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Monday, March 23, 2015

Preserved Meyor Lemons

Every winter/spring, a huge variety of citrus makes a glorious reappearance in the grocery stores. Honeybells, satsumas, tangerines, you name it. I do find this bittersweet, as not too long ago I could literally walk out my back door and pick my own Meyer Lemons. And if I wanted anything else, I would just go visit my friend Mary and "shop" at her orchard! Those were good days!

I do get to exchange some local produce goodies for citrus up here in Virginia, and it's worth it, but I still miss my Meyer Lemon tree and I still make these pickles every spring.

Now, these aren't the type of pickles you eat out of the jar, they are only brined with salt and lemon juice. You tuck these babies away in your refrigerator to macerate and then be used as such:

Tips from: The Kitchn

1. Grain Salads: This is my favorite. There's something about tender little nubs of preserved lemon in a bite of farro salad or barley pilaf that makes me hum with happiness. Any time you'd normally add some lemon zest or a squeeze of juice, you can swap in some preserved lemon with confidence in the result.
2. Salad Dressings and Sauces: Chopped pieces of preserved lemon make a fantastic addition to a salad, but I really like to whizz them into my salad dressing. You can also experiment with blending preserved lemons into pesto or into a sauce for grilled fish or meats. (Bonus tip: preserved lemons and fish are total best friends forever.)
3. Salsas and Dips: Want something new to spice up your salsas and dips this summer? Yup, preserved lemons will serve you very well. Just chop them up into little pieces and add them to your normal recipes. Guacamole, hummus, spicy salsas — it's all fair game. And all delicious.
4. Pasta Dishes: A really simple pasta dish with good olive oil, some garlic, and slices of preserved lemons is a beautiful thing. Top it with seared chicken breast or fish for a full meal.
5. Tagines and Other Stews: Chicken tagine with preserved lemons is certainly the most well-known dish for these lemons, but there's a great big world of tagines out there. I love preserved lemon in chickpea stews and anything with lamb. Even if your tagine or stew doesn't call for preserved lemons specifically, I fully support a little recipe tweaking.
See? Doesn't that all sound divine? 
Here's how you do it:
Take about 5-7 small Meyer Lemons and cut them into quarters. Put about a tablespoon of Kosher salt in the bottom of a pint jar and stuff in 3-4 lemon quarters. Top with more salt. Keep doing this until the jar is almost full. While doing this, push down on the lemons in the jar to extract their juice. 

Once full, take whatever lemons you have left over and squeeze their juice to cover the jarred lemons in juice.

Put a lid on the jar and stick in the refrigerator to brine. Once in the refrigerator, give the jar a shake every now and again to distribute the salt. After 3-4 weeks, the lemons are ready to be sliced or minced into whatever dish you'd like, but be careful, a little goes a long way! 

See, wasn't that easy?

Wednesday, March 18, 2015

DIY Tap Dancing

Well, as DIY projects go, I’ve run into a barrier for my range hood. Turns out there is a ceiling joist that is blocking the duct pipe from being able to be run straight up into the ceiling. And, upon inspection of the space where a duct pipe could go between the ceiling and 2nd story floor, there is wiring going across the joists that would block the pipe from being thread from the outside to where it would make a 90-degree turn down to the range.

We even tried to go straight back through the wall and into a closet that is on the other side of the kitchen, but there is a stud in the way. Grrrrr! I was SOOOOOO bummed! The install guys tried everything they could, but I'd rather them walk away than cutting a bunch of holes in my walls and ceiling.

So, it looks like I am going to be doing some fancy tap dancing.

I am going to do what Remodelando la Casa did on her cabinets to fill in the empty space above them.  I had planned to do something similar to her approach, but just not go all the way to the ceiling, but now it looks like I am going to have to. Isn't it gorgeous?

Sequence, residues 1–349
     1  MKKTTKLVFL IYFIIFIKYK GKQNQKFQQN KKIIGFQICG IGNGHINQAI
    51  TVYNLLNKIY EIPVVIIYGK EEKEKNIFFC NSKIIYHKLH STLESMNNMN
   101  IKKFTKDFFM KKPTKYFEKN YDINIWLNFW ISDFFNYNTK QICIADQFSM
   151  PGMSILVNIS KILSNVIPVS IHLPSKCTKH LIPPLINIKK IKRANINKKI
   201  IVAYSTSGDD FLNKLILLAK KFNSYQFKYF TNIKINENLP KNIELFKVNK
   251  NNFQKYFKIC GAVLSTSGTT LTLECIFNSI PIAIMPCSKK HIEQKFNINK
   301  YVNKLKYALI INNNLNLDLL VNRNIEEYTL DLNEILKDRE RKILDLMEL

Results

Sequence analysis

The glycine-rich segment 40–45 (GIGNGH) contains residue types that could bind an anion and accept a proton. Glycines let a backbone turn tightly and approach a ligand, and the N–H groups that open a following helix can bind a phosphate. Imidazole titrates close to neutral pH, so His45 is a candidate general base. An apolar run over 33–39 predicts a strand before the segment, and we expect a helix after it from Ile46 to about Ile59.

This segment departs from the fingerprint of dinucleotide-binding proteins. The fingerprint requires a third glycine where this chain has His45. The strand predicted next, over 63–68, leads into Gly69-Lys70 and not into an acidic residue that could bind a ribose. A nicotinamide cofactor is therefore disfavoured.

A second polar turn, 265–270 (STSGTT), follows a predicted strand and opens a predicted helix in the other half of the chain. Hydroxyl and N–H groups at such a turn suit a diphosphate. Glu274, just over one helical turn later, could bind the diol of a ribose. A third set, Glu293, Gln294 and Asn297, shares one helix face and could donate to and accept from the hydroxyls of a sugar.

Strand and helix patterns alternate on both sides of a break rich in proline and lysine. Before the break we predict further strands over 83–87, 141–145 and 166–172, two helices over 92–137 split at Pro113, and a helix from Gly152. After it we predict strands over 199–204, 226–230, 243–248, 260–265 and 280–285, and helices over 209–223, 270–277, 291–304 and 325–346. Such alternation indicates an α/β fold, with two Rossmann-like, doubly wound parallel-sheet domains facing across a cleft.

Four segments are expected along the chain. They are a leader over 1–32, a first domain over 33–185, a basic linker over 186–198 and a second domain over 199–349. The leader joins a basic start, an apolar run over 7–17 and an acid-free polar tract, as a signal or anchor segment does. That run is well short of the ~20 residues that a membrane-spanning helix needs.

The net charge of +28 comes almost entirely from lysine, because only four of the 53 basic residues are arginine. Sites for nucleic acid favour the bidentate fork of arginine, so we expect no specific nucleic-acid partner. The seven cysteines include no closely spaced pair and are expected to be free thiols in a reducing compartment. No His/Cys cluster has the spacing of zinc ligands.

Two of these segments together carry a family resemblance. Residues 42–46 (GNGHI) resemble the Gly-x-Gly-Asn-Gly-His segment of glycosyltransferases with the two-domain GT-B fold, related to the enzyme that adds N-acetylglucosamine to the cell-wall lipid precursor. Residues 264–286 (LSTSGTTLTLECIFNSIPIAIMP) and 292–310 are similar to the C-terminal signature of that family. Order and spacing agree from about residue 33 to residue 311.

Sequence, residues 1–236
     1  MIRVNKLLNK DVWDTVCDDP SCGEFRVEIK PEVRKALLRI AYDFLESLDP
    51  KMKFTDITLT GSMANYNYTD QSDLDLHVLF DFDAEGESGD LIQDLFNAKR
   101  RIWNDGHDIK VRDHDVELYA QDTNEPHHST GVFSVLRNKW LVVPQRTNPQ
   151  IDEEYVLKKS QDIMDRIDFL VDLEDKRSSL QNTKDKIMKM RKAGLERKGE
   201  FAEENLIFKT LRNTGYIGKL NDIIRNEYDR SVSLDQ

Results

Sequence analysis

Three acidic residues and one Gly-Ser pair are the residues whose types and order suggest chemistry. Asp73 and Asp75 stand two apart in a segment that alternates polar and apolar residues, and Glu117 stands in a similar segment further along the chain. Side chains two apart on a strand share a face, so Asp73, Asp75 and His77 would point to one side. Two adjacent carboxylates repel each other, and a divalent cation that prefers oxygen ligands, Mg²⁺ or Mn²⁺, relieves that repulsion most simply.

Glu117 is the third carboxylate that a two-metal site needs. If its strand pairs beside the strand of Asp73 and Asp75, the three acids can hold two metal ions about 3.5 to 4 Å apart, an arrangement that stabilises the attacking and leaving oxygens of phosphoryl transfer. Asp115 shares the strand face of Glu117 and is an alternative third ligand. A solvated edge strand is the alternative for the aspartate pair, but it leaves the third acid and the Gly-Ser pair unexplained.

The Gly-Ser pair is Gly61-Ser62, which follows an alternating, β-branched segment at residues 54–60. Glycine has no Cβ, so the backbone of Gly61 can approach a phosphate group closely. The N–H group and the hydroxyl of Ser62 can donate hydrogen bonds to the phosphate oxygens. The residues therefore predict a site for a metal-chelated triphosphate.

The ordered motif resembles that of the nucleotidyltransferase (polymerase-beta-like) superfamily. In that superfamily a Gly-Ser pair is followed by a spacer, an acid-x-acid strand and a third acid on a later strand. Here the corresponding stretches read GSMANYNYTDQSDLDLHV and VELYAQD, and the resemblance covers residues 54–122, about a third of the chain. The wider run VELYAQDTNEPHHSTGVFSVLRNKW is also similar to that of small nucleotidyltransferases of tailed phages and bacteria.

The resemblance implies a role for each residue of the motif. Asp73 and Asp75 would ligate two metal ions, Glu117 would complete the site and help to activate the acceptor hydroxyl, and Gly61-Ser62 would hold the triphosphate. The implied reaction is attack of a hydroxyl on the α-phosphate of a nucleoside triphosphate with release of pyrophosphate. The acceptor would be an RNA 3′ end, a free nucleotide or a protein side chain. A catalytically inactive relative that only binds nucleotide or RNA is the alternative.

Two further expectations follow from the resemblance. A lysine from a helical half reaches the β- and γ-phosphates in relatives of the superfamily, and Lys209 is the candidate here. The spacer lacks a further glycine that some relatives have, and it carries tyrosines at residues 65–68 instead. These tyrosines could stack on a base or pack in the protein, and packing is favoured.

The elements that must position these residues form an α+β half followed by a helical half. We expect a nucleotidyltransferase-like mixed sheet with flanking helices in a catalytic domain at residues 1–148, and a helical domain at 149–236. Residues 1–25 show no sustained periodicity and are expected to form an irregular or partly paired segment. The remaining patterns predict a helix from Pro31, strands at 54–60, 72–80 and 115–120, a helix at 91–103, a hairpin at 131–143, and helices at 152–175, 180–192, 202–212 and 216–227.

Gorgeous cabinets from Remodelando la Casa!

I am going to use her approach and nice trim-work to do something similar to this, with the range hood ducting running behind the cabinet build out:

Great work around! (source unknown)

The range chimney won't go all the way to the ceiling with this, but I will tile all the way up to the bottom of the cabinet build out. Ugh, I was hoping to be done with trim-work!

Monday, March 16, 2015

2015 Garden Plans

As most northern gardeners at this time of the year, I am anxious and excited to get things going. Yesterday, I winter sowed all of my heirloom tomato varieties, zucchini, cukes, and I’m giving the exotic tiger melon another stab. I already have sprouts from my January winter sowed flowers!



This year’s conquest looks like this, with a few return favorites:

Veggies:
  • Broad Windsor Fava Beans
  • Arkansas Little Leaf Pickling Cuke
  • White Wonder Cuke
  • Fordhook  Zucchini
  • Wild Garden Lettuce Mix (again)
  • Parris Island Cos Romaine Lettuce
  • Russian Banana Fingerling Potatoes
  • Kelloggs Breakfast Tomato
  • Soldacki Tomato
  • Brandywine Sudduth’s Strain Tomato (again)
  • Black From Tula Tomato (again)
  • Druzba Tomato (again)
  • Supersauce Tomato (again)
  • Jerusalem Artichoke
  • Toy Choi Pak Choi
  • Tivolli Spaghetti Squash
  • Blue Lake Bush Beans (again)
  • Mammoth Melting Sugar Snow Peas (again)
  • Paris Market Carrots (again)
  • Covair Smooth Leaf Spinach (again)
  • Garlic mix (both Nootka Rose and Inchelium Red again)
  • Other greens that I can’t remember… J


Flowers/Herbs:
  • Outhouse Hollyhock
  • Nigra Hollyhock
  • Borage
  • Coral Reef Poppy
  • Fruit Punch Poppy
  • Columbines (Wild, Yellow, Black Barlow)
  • Nasturtium
  • Queen Red Lime Zinnia (and another, but I can’t remember)
  • Red and Yellow Torch Tithonia
  • Bunny Tail Grass

This year, I also “hope” to have something to show from all the horseradish I planted last year and the Victoria Rhubarb. I’m not holding my breath on the rhubarb, as I’m suspecting that it may have rotted. A gardening friend told me last year that in order to successfully grow rhubarb in Virginia, it has to be grown from seed and not root starts.  I also transplanted all but one large pot of the Bristow Blackberry into the ground, so we’ll see how that does.

I'm giving cukes and zuchs a try this year from seed. I still have a ton of pickles from 2013's harvest, but you know me and pickles! I am also curious about the fava beans and Jerusalem artichoke. The beans will be started this month, as they prefer cool weather, and the artichokes will be grown in recycled bourbon half barrels, as I've heard they are invasive. And I'm "planning" on having enough energy in July to start some spaghetti squash seedlings. LOL! Usually, I'm so over the veggie garden come August that I'm ready to pack it all in, so this will be my first attempt at renewing for a fall veggie.